Lifestyle

11 Life Lessons I Learned From Talking To Legendary Astronaut Mark Kelly

Published On 06/12/2015 Published On 06/12/2015
Nasa

Mark Kelly is, unquestionably, the man. He's a world-renowned Astronaut, a Desert Storm vet, lauded test pilot, and a devoted husband and father. 

So when I sat down with Commander Kelly at Breitling's incredible boutique in Midtown Manhattan, I wanted to grasp the vantage point of a individual who has seen Earth from a different perspective (quite literally), and get his take on work, family, and life in general. Take note, and you too may make it to space one day. (But probably not.)


 

Cole Saladino

Don't give anxiety a chance 

“I don’t know what anxiety is,” Kelly remarked. “He really doesn’t,” his daughter Claire, chimed in. "I try to explain test anxiety to him, he just doesn’t get it.” Kelly reiterated he doesn’t get nervous during his flights, or any part of his life, really: “I don’t get too wound up about things.”

Wikimedia

From space, Earth's problems seem pretty small

​“When you look at this round ball, and everybody's down there, it doesn't seem all that big. You get a really good appreciation for the fact that this planet is an island, floating in the blackness of space. We really don’t want to mess it up." 

Joshua Lott

Family always comes first

When asked about the biggest challenge of his life, he immediately quipped, "Getting Claire through high school," much to his adjacent daughter's disagreement. On a serious note, he conceded the real biggest challenge of his life had nothing to do with his career, but revolved around helping his wife (Kelly's wife, former Congresswoman Gabrielle Gifford, was shot outside an Arizona supermarket in an assassination attempt in January of 2011).

"The biggest challenge of my life had nothing to do with my career. It was when my wife was shot in January of 2011, and aiding her recovery."

NASA

We need to take care of this world because there's nowhere else to go

"Despite what people may think, there's no place for us to go....when you think about that, you gain a better appreciation for the environment, and taking care of it."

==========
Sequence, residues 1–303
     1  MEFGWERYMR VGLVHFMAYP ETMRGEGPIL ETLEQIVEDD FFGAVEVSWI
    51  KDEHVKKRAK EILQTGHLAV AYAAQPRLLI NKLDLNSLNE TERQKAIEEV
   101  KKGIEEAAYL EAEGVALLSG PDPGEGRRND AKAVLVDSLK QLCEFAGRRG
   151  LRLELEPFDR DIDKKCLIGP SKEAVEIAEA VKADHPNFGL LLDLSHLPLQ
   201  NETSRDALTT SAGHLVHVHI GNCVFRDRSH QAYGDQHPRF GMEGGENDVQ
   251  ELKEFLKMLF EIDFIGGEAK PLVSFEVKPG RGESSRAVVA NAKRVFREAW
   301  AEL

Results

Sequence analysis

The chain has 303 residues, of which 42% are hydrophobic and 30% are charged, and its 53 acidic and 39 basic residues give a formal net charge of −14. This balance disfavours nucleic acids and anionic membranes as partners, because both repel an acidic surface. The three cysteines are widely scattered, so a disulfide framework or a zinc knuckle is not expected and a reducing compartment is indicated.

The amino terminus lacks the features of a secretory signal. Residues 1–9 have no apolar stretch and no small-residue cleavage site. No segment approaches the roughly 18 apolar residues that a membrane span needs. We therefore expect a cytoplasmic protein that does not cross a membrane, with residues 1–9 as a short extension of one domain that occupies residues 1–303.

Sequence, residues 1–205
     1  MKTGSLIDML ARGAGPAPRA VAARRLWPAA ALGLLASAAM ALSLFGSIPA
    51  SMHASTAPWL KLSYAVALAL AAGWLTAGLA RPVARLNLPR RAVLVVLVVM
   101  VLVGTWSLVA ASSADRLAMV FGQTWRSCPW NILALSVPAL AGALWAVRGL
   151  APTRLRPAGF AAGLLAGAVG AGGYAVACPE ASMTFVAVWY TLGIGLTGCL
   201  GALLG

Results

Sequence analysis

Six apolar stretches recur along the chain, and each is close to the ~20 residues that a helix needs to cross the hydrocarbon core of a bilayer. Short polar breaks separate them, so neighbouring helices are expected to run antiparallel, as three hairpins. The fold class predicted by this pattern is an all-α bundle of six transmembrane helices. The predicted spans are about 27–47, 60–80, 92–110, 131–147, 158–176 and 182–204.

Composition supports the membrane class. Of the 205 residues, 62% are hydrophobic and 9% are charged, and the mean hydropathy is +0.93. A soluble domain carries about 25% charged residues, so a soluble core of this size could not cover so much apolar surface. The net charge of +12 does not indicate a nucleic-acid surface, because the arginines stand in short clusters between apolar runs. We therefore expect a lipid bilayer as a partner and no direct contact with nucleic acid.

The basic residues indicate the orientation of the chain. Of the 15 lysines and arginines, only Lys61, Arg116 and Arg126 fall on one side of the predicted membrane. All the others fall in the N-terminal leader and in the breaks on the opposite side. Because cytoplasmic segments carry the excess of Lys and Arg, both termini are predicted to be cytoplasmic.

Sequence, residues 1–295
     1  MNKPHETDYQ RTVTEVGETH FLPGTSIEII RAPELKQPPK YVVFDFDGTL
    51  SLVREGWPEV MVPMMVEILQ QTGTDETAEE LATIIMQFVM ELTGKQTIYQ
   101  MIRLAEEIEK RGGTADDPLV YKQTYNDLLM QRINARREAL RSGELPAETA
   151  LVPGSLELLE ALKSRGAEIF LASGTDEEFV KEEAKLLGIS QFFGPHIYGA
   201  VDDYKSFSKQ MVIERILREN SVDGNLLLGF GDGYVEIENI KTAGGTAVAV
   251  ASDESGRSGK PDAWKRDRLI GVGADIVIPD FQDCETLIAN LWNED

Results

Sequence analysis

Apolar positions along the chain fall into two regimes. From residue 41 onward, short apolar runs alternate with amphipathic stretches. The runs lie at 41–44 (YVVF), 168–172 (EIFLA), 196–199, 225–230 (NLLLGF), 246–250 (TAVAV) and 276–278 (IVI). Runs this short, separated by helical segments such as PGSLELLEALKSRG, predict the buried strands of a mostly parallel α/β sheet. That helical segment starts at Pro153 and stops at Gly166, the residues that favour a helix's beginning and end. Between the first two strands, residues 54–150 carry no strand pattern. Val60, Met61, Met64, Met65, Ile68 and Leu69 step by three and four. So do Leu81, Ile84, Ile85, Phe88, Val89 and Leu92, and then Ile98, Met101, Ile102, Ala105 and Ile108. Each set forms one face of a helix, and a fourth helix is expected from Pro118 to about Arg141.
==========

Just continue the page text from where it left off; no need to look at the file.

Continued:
Cole Saladino 

Life's hard, but it's never as bad as you think

What's the hardest part about being Mark Kelly, today? "I'm pulled in a lot of different directions," Kelly told me. "I have to travel a lot, I have a lot on my plate...there's always some challenges, but you get through them. It's never as bad as you think it will be."

Wikimedia

Don't end your career with regrets

"I don't think I would have done anything differently, or have any regrets about my career..." Kelly said, after a swift moment of consideration. "There's nothing I would change about what I've done. I wish I could have gone to Mars, I guess." Don't we all.

Time Magazine

Bravery is taking risks

When asked about bravery, Kelly kept his answer concise: "Bravery, to me, is taking risks to pursue something you believe to be important."

Cole Saladino

We need to keep exploring the universe

“If humans weren't explorers, a lot of us would still be living in Europe. We wouldn’t even know this continent even existed. This inherent need to press out and see what's over the horizon...it’s everything. When you try difficult things, what you get out of it is very valuable, even starting with computers. We miniaturized computers so we could put them on the surface of the moon. We didn't miniaturize computers so we could make an iPhone, but that’s one of the auxiliary benefits."

Wikipedia Commons

Don't be a "yes-man"

When asked what makes an ideal crew member, Mark knew immediately what he didn't like. "As the commander of a space shuttle flight, I'd get a little say in the matter. And the one thing I don't like, are 'yes-people.' I can agree with myself. I'll actually ask people to question my decisions. Which I think is a good thing, for anybody at any job."

Cole Saladino

Never lose focus

"The first thing I woke up thinking (in space) was 'uh, what is the flight plan?' because I have to figure out what the first thing I needed to do that day was. Before I went to sleep? 'What is the flight plan? And what do I need to do when I wake up tomorrow."

NASA

Sometimes jealousy is okay

Mark's twin brother Scott Kelly is also an astronaut who's currently doing a year-long stint on the International Space Station. When asked if there was any sibling rivalry between the two professional astromen, Kelly admitted there was nothing but love between the two, except for one little thing... "Um, well I'm a little jealous he's in space right now and I'm not."
 


Wil Fulton is a Staff Writer at Supercompressor. This is the second time he's spoken with Mark Kelly. So they are pretty much best friends. Become his friend, too @WilFulton

Want more of the Culture you actually care about delivered straight to your inbox? Click here to sign up for our daily email.

Clickbait

close

Learn More